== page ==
16. Fentanyl Dosing • Adult and peds • 0.5 mcg/kg slow IVP/IN/IO • Administer over 1-2 minutes • IN route must be a rapid delivery to create a mist • Too rapid administration increases risk of skeletal and thoracic muscle rigidity resulting in larygo and broncho spasms and apnea • May repeat 0.5 mcg/kg slow IVP/IN/IO in 5 minutes • IN route must be delivered rapidly to create a mist • Max total dose is 200 mcg adult and pediatrics

  17. Fentanyl Side Effects • Mixing with benzodiazepines may increase risk of hypotension and respiratory depression • Narcan an effective reversal agent • BVM should be available when medications that can cause respiratory depressant are being administered • Nausea, vomiting, diarrhea, constipation • Less nausea noted than with use of Morphine • Dry mouth • Abdominal pain • Orthostatic hypotension

  18. Zofran (Ondansetron) Actions • Antinausea, antiemetic • Half-life 3 – 6 hours

  19. Zofran (Ondansetron)Indications • Prevention/treatment of nausea and/or vomiting

  20. Zofran (Ondansetron) Contraindications • Hypersensitivity to the medication • Caution: • A 9/15/11 FDA Medwatch Safety Alert issued for patients with long QT syndrome • May develop tachydysrhythmia (i.e.; Torsades) • Watch for dysrhythmias • Patient may complain of a racing feeling • Palpate the pulse and compare with the initial assessment

  21. Zofran (Ondansetron) Dosing • Adult 4 mg IVP/IO over 30 seconds • Peds <40 kg 0.1 mg/kg IVP/IO over 30 seconds • Peds >40 kg 4 mg IVP/IO over 30 seconds • May repeat once after 10 minutes

  22. Zofran (Ondansetron) Side Effects • Anxiety • Dizziness • Drowsiness – especially noted in children • Headache • Fatigue • Constipation, diarrhea • Hypoxia • Urinary retention

  23. The King Airway • Alternate airway device • Supraglottic, supralaryngeal, extraglottic, oropharyngeal • Back up for failed or difficult intubation attempts in the field • Provides a ventilatory device

  24. King Airway • A dual lumen supraglottic airway • 2 cuffs inflated with a single valve • Device sits in the larynx above the vocal cords • Distal cuff seals esophagus • Proximal cuff seals oropharynx • Throat at the back of the mouth Balloons inflated

  25. King Airway Contraindications • Persons less than 4 feet tall • Presence of a gag reflex • Check for presence of a blink reflex • Stroke eye lashes looking for eye movement • Tap space between eyes at bridge of nose to check for blink reflex • Known esophageal disease • Caustic ingestion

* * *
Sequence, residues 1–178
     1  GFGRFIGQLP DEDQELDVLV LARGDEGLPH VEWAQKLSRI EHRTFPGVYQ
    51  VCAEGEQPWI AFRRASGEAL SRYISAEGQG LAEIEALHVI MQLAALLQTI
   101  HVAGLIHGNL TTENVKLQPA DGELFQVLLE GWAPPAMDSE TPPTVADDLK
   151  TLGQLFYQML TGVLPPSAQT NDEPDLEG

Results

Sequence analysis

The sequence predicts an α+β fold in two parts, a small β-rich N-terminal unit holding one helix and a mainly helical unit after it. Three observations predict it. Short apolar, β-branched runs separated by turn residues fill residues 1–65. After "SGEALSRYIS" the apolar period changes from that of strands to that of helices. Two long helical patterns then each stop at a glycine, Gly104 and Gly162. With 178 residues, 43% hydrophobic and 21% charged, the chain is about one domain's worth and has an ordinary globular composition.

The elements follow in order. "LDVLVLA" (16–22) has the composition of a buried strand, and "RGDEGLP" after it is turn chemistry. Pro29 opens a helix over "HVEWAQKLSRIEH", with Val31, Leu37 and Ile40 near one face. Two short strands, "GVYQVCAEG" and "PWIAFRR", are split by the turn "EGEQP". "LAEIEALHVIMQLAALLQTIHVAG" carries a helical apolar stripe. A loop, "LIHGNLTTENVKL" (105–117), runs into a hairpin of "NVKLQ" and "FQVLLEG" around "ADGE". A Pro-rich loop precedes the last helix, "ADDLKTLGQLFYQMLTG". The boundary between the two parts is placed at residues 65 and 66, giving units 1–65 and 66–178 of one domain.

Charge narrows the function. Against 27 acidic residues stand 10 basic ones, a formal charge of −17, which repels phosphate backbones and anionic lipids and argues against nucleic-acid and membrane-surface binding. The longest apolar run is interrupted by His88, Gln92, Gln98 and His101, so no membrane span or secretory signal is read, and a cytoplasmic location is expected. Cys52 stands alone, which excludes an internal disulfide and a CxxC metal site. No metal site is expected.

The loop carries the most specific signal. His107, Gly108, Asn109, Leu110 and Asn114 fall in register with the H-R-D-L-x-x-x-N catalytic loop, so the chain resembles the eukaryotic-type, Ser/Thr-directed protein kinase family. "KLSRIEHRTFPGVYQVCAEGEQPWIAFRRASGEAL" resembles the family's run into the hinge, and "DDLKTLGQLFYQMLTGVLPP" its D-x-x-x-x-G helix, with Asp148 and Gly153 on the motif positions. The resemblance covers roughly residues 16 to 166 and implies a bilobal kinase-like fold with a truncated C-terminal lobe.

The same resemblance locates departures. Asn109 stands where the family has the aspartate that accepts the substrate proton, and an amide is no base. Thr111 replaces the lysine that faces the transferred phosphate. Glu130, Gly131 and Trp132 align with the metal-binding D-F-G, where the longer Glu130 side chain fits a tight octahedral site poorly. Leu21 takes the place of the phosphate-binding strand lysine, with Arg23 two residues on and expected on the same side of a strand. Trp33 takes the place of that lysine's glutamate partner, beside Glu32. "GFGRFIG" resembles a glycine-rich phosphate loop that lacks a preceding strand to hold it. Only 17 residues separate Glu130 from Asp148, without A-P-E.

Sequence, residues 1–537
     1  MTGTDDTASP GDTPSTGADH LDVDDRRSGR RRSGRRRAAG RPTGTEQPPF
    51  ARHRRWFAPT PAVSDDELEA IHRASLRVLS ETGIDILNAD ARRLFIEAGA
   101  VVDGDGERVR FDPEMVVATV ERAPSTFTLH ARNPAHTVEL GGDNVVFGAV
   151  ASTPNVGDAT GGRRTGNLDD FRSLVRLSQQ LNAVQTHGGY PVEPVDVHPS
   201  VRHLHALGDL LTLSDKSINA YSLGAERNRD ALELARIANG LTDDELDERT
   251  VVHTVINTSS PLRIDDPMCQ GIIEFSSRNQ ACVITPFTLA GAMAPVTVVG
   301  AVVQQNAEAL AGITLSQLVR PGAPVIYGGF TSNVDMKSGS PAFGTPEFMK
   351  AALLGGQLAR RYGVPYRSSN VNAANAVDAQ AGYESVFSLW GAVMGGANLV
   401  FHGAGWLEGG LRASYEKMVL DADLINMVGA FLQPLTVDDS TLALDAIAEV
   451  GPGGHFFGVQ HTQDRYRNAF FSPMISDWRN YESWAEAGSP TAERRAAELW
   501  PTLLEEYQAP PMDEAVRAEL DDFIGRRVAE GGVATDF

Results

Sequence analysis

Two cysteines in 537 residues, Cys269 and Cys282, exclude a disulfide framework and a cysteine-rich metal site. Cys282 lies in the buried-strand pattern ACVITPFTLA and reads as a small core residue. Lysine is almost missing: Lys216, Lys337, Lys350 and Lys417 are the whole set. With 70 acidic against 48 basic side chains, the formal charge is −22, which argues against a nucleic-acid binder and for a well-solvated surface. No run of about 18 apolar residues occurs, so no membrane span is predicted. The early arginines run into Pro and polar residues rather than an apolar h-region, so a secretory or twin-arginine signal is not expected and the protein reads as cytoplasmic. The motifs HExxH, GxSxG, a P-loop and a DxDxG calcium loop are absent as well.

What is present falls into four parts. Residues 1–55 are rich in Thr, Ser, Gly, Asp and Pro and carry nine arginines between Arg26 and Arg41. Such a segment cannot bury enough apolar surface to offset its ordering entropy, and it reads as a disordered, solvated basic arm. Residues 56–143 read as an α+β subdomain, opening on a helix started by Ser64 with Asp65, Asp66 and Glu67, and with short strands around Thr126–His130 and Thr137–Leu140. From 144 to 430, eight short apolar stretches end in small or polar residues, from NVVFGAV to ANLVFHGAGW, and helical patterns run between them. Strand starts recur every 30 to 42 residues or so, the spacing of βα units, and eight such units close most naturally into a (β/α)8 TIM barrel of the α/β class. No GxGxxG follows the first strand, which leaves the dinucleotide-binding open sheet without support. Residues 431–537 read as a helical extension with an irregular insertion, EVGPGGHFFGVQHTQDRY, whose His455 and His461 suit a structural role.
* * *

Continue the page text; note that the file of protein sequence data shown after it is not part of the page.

26. Sizing • Choose color-coded size based on patient height • 4-5' tall – size 3 – yellow • Think “3-4-5” • 5-6' tall – size 4 – red • Think “4-5-6” • >6' tall – size 5 – purple • Think “5-6”

  27. Procedure • Pre-oxygenate patient via BVM • May need to insert an oropharyngeal airway (OPA) or nasopharyngeal airway (NPA) • Pre-oxygenate for 3 minutes • Prepare to remove airway adjunct just prior to insertion of King airway

  28. Procedure cont’d • Assemble and check equipment • King airway • Syringe • Water-soluble lubricant • BVM • Stethoscope • Device/tape to secure tube

  29. Procedure cont’d • Lubricate back side of tip of King airway • Avoid lubricant in ventilation ports • With non-dominate hand, hold mouth open and apply chin lift • Must use a chin lift to facilitate passing the device • In the presence of trauma, manual control of the c-spine needs to be simultaneously performed • Hold King airway at connector with dominant hand

  30. Procedure cont’d • Using lateral approach, introduce tip into patient’s mouth • Blue orientation line should be touching corner of mouth • Advance tip behind base of tongue while rotating tube to midline • Blue orientation line faces chin of patient

  31. Procedure cont’d • Without excessive force, advance tube until base of colored connector is aligned with patient's teeth or gums • Tube must be inserted all the way in, cuffs inflated, and then withdrawn into correct position

  32. Procedure cont’d • Inflate pilot balloon with appropriate volume of air • Inflate using the minimum volume of air posted • Ranges printed on side of tube as reference • Size 3 (yellow) – 45 - 60 mL • Size 4 (red) – 60 – 80 mL • Size 5 (purple) – 70 -90 mL • Remove syringe while holding down plunger to avoid pulling air out of cuffs

  33. Procedure cont’d • While bagging, gently and simultaneously withdraw King airway until breath sounds are auscultated and ventilation is easier • Adjust cuff inflation if necessary if air leak is heard